Cyclone batters Tongan capital, causes blackouts and flooding

This handout photo taken and received from the Samoa Red Cross on Monday shows a Samoa Red Cross worker checking on a house in the Apia area on a flooded street after Cyclone Gita wreaked havoc on the island. Neighboring Tonga declared a state of emergency as the Pacific island kingdom braced for a direct hit by the powerful cyclone that is threatening to become a Category Five superstorm. | SAMOA RED CROSS / HANDOUT / VIA AFP-JIJI



A powerful cyclone tore roofs off buildings, downed powerlines and caused extensive flooding as it lashed Tonga early Tuesday, prompting the tiny Pacific nation to declare a state of emergency.

Officials described Severe Cyclone Gita as the most powerful storm to hit the capital, Nuku’alofa, packing winds exceeding 230 kmh (142 mph) and dumping 160 mm (9.0 inches) of rain.

“It was a particularly bad night,” Graham Kenna, from the National Emergency Office, told Radio New Zealand.

“I’ve been involved in disaster response for 30-plus years and it was the worst situation I’ve been in.”

The howling winds peaked in the early hours of Tuesday and McKenna said teams were heading out at first light to assess the damage.

But he said it was already clear there was widespread destruction in Nuku’alofa.

“Someone’s roof is in my front garden … some of the old landmark buildings that are 100 years old have been severely damaged by debris,” he said.

McKenna said the military was clearing roadways and had rescued some residents, including a pregnant woman who went into labor and was taken to a hospital.

He was unaware of any fatalities, although unconfirmed media reports said two people had died.

The storm cut power to the main island Tongatapu on Monday night, leaving many of its 75,000 residents in darkness as the winds battered them and debris crashed against buildings.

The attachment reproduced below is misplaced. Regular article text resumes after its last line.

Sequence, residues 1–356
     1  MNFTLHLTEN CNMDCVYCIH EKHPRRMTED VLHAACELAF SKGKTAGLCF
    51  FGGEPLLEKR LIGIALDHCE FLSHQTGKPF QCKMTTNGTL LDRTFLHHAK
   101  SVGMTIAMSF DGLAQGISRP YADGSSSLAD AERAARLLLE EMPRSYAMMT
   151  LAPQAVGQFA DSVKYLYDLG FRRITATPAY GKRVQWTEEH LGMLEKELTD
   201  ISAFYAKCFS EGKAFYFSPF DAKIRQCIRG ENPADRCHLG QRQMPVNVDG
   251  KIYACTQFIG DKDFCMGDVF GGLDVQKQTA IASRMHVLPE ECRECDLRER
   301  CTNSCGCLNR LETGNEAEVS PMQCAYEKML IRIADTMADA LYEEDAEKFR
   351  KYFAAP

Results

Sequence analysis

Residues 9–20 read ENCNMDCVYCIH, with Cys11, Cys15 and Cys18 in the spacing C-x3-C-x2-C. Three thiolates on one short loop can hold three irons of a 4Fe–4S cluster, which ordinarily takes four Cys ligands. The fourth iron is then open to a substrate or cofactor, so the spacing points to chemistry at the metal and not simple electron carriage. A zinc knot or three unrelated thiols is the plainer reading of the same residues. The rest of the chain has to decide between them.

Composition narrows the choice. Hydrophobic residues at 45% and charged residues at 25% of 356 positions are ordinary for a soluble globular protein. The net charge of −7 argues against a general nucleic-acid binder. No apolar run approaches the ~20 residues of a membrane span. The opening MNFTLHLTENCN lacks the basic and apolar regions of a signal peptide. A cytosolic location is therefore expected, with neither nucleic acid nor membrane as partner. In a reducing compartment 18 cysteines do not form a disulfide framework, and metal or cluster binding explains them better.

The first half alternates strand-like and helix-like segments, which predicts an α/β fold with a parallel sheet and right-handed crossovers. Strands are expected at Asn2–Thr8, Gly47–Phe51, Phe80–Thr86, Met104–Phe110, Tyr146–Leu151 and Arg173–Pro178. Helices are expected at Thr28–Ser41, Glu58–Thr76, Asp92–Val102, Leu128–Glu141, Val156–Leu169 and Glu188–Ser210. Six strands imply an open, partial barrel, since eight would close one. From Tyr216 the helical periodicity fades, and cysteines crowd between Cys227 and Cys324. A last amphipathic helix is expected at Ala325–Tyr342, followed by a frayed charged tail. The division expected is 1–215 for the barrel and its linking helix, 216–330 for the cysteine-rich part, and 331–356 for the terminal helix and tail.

But phone networks continued to operate and some of those affected shared their experiences online.

“Hotel is shaking and can hear screech of metal flying past outside.. rain water coming in sideways to second floor room. Heart with those not in solid structure this is bad gita #tonga,” TVNZ’s Pacific correspondent Barbara Dreaver tweeted.

Lord Fusitu’a, a hereditary peer in Tonga’s parliament, wrote: “I can literally feel my room shaking to the foundations — it’ll be a long night.”

Yet as the cyclone moved out to sea early Tuesday, he said Nuku’alofa had experienced “a dose of miracle.

“Astoundingly #TCGita seems to have subsided & we’ve avoided the worst of it,” he wrote on Instagram, saying the focus would now move to rebuilding.

The storm had already created havoc when it slammed into Samoa on the weekend and authorities in Tonga declared a state of emergency before it hit Nuku’alofa.

However, Gita did not intensify into a maximum Category Five as feared and passed just south of the capital rather than making a direct hit.

McKenna said the impact of storm surges on the flat terrain of Tongatapu was also less than expected.

“It was very fortunate that the worst of the cyclone came at a dead low tide, so it sort of worked in our favor,” he said.

Cyclones are common in the Pacific at this time of year and Category Five systems have proved catastrophic when they make landfall.

Cyclone Winston killed 44 people in Fiji in 2016, and Cyclone Pam claimed 11 lives and damaged 65,000 homes in Vanuatu in 2015.



  1. Live in such places, one has to be prepared for much more cyclones than inland residents.
    The environment is very important.

Leave a Reply

Your email address will not be published.